DEFF Research Database (Denmark)

    Netterstrøm, Bo; Conrad, Nicole; Bech, Per

    2008-01-01

    the evidence. Social support at work was associated with a decrease in risk for future depression, as all four studies dealing with this exposure showed  associations with relative risks of about 0.6. Even if this literature study has identified work-related psychosocial factors that in high......This review is based on a literature search made in January 2007 on request by the Danish National Board of Industrial Injuries. The search in PubMed, EMBASE, and PsycINFO resulted in more than 1,000 publications. This was reduced to 14 after the titles, abstracts, and papers were evaluated...... by using the following criteria: 1) a longitudinal study, 2) exposure to work-related psychosocial factors, 3) the outcome a measure of depression, 4) relevant statistical estimates, and 5) nonduplicated publication. Of the 14 studies, seven used standardized diagnostic instruments as measures...

  2. Psychosocial functioning in patients with treatment-resistant depression after group cognitive behavioral therapy

    Directory of Open Access Journals (Sweden)

    Kunisato Yoshihiko

    2010-03-01

    Full Text Available Abstract Background Although patients with Treatment Resistant Depression (TRD often have impaired social functioning, few studies have investigated the effectiveness of psychosocial treatment for these patients. We examined whether adding group cognitive behavioral therapy (group-CBT to medication would improve both the depressive symptoms and the social functioning of patient with mild TRD, and whether any improvements would be maintained over one year. Methods Forty-three patients with TRD were treated with 12 weekly sessions of group-CBT. Patients were assessed with the Global Assessment of Functioning scale (GAF, the 36-item Short-Form Health Survey (SF-36, the Hamilton Rating Scale for Depression (HRSD, the Dysfunctional Attitudes Scale (DAS, and the Automatic Thought Questionnaire-Revised (ATQ-R at baseline, at the termination of treatment, and at the 12-month follow-up. Results Thirty-eight patients completed treatment; five dropped out. For the patients who completed treatment, post-treatment scores on the GAF and SF-36 were significantly higher than baseline scores. Scores on the HRSD, DAS, and ATQ-R were significantly lower after the treatment. Thus patients improved on all measurements of psychosocial functioning and mood symptoms. Twenty patients participated in the 12-month follow-up. Their improvements for psychosocial functioning, depressive symptoms, and dysfunctional cognitions were sustained at 12 months following the completion of group-CBT. Conclusions These findings suggest a positive effect that the addition of cognitive behavioural group therapy to medication on depressive symptoms and social functioning of mildly depressed patients, showing treatment resistance.

  3. Psychosocial factors of modern work life and incident depression in Denmark 2000-06

    DEFF Research Database (Denmark)

    Nygaard, Else; Thielen, Karsten; Diderichsen, Finn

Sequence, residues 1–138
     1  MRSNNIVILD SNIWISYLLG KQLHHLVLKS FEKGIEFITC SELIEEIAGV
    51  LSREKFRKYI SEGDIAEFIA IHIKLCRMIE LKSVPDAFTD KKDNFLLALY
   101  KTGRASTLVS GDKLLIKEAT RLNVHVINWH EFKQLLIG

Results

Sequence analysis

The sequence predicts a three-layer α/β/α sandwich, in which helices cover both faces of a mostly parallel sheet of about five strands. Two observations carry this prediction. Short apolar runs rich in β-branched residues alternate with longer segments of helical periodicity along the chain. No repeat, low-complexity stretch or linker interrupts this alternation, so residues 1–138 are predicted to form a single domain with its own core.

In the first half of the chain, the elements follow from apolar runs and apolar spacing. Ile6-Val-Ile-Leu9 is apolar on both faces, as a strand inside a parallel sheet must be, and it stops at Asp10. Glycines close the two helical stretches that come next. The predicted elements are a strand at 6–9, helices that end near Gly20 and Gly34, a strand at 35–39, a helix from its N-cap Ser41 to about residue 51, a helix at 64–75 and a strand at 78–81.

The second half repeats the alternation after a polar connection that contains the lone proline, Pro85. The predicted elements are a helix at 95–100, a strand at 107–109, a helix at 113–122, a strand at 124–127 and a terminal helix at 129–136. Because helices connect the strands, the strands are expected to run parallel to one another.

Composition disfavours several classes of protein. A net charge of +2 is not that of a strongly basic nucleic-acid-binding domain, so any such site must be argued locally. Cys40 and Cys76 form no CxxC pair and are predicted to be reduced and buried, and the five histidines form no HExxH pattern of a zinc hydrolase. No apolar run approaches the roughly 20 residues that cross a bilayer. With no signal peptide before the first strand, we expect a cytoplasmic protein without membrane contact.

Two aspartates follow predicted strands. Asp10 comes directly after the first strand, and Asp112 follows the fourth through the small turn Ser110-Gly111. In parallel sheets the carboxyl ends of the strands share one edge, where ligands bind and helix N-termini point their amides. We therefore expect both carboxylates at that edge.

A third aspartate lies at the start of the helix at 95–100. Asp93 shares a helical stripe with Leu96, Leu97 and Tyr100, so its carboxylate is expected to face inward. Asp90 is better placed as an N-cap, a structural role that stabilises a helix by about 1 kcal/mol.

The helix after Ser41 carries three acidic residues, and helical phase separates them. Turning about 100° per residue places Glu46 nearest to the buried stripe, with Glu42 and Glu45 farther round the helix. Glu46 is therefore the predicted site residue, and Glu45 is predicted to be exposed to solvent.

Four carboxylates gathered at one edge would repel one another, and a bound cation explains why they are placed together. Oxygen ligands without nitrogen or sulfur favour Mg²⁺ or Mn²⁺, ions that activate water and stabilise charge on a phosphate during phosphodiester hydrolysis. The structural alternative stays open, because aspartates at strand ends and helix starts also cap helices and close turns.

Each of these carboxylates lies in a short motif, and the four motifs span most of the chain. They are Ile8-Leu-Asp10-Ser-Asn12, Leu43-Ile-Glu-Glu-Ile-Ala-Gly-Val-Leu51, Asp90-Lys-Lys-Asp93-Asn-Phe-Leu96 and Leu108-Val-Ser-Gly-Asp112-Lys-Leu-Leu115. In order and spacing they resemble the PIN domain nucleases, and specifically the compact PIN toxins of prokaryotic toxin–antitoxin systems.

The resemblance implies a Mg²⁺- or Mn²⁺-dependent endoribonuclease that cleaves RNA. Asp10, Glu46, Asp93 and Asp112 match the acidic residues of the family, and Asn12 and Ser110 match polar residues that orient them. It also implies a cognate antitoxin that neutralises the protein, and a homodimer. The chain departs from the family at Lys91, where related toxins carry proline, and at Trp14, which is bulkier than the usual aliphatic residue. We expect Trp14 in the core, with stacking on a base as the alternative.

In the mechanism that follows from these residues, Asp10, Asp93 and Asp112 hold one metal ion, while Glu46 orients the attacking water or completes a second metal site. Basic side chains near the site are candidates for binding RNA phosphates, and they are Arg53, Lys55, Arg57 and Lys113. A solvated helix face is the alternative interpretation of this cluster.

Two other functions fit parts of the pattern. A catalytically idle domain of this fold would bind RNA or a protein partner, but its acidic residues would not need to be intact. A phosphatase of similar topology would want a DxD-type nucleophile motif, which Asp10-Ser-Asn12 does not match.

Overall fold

2008-01-01

    depression, or missing values, were excluded, leaving 3158 persons for the prospective analyses. Psychosocial factors of modern work life 2000 were measured by scales on work pressure, work pace, emotional pressure, learning opportunities, variation of work, meaningfulness, social support from colleagues....... By logistic regression we calculated odds ratio (OR) and confidence intervals (CIs) for depression, controlling for age, sex, occupational social position, family status, alcohol consumption, seniority and MDI score at baseline. Results Preliminary results showed that work pace (OR 1.72, 95% CI 1...

  4. Psychosocial safety climate buffers effects of job demands on depression and positive organizational behaviors.

    Science.gov (United States)

    Hall, Garry B; Dollard, Maureen F; Winefield, Anthony H; Dormann, Christian; Bakker, Arnold B

    2013-01-01

    In a general population sample of 2343 Australian workers from a wide ranging employment demographic, we extended research testing the buffering role of psychosocial safety climate (PSC) as a macro-level resource within the health impairment process of the Job Demands-Resources (JD-R) model. Moderated structural equation modeling was used to test PSC as a moderator between emotional and psychological job demands and worker depression compared with control and social support as alternative moderators. We also tested PSC as a moderator between depression and positive organizational behaviors (POB; engagement and job satisfaction) compared with control and social support as moderators. As expected we found PSC moderated the effects of job demands on depression and further moderated the effects of depression on POB with fit to the data that was as good as control and social support as moderators. This study has shown that PSC is a macro-level resource and safety signal for workers acting to reduce demand-induced depression. We conclude that organizations need to focus on the development of a robust PSC that will operate to buffer the effects of workplace psychosocial hazards and to build environments conducive to worker psychological health and positive organizational behaviors.

  5. Adverse psychosocial working conditions and risk of severe depressive symptoms. Do effects differ by occupational grade?

    Science.gov (United States)

    Rugulies, Reiner; Aust, Birgit; Madsen, Ida E H; Burr, Hermann; Siegrist, Johannes; Bültmann, Ute

    2013-06-01